“While a number of treatment plants have stated that they will not accept any more Marcellus wastewater, we are aware of a few plants that continue to do so. Without agreements like the one we have reached with McKeesport, there is nothing to stop treatment plants from continuing this practice which contaminates our rivers and drinking water supplies,” Arnowitt said.
In September 2011, EPA issued Administrative Orders and Information Requests to 13 wastewater treatment facilities in Pennsylvania. EPA’s Order and Request required these facilities to certify that they are no longer accepting any oil and gas wastewater. Facilities that do not sign the certification are required to submit to EPA sampling data from their wastewater discharge covering common drilling wastewater contaminants.
To date, only three plants signed EPA’s certification stating that they no longer accept oil and gas wastewater: Allegheny Valley Joint Sewage Authority, Clairton Municipal Authority and the Johnstown Redevelopment Authority. Seven plants have sent sampling data from their discharge indicating that they are not willing to certify that they no longer accept oil and gas wastewater: Brockway Area Sewage Authority, Dominion Transmission Corp., Minard Run Oil Co., Borough of Ridgway, Hart Resource Technologies (Creekside), PA Brine (Franklin) and PA Brine (Josephine). Three plants have not responded to EPA: Gas and Oil Management Assoc., Great Lakes Energy Partners, New Castle Oil Co.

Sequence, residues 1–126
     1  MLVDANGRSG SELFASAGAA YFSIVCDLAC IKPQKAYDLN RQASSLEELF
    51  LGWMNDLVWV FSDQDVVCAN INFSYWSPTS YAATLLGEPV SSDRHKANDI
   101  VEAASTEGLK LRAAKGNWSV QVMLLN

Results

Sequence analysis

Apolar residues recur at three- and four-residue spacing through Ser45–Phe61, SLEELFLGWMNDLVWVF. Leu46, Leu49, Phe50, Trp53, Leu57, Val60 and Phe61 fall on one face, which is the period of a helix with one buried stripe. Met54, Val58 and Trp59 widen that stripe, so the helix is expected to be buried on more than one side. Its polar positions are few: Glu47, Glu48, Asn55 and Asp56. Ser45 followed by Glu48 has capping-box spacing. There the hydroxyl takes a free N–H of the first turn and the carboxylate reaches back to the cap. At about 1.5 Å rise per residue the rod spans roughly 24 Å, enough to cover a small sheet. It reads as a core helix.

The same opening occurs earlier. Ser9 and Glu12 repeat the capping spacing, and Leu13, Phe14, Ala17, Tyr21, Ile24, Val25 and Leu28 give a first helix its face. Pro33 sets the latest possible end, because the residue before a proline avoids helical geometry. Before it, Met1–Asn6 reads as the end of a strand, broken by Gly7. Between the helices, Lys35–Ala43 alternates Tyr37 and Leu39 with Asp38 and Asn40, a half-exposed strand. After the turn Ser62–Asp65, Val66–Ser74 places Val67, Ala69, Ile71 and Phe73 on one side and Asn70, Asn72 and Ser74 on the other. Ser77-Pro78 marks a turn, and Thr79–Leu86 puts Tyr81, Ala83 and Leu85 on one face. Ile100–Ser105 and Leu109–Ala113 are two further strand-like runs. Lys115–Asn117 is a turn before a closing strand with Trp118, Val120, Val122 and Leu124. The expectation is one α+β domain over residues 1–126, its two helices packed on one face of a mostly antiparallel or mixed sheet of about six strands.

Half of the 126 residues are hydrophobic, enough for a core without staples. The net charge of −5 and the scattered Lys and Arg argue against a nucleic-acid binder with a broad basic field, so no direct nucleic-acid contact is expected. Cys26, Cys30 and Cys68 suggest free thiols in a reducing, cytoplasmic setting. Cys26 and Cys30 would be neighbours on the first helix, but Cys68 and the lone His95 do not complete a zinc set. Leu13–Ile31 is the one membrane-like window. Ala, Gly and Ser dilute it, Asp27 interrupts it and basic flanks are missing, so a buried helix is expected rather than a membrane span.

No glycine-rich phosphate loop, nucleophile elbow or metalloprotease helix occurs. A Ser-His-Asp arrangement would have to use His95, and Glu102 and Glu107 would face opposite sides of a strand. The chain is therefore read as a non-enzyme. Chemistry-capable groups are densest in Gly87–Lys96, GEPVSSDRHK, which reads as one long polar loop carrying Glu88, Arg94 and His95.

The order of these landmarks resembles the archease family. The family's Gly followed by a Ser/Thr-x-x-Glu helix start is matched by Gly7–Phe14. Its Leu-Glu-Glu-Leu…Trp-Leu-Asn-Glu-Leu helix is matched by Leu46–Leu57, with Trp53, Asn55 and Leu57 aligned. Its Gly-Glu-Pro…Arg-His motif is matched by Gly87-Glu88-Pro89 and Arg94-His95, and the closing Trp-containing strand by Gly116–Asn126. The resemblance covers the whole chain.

This is the first time a federal court case has been filed to stop the current discharge of Marcellus drilling wastewater in Pennsylvania. The suit claimed that the Pennsylvania Department of Environmental Protection (DEP) bypassed Clean Water Act permitting rules by allowing McKeesport to discharge without proper treatment up to 100,000 gallons per day of Marcellus drilling wastewater into the Monongahela River, which supplies drinking water for nearly half a million people, including a portion of the City of Pittsburgh.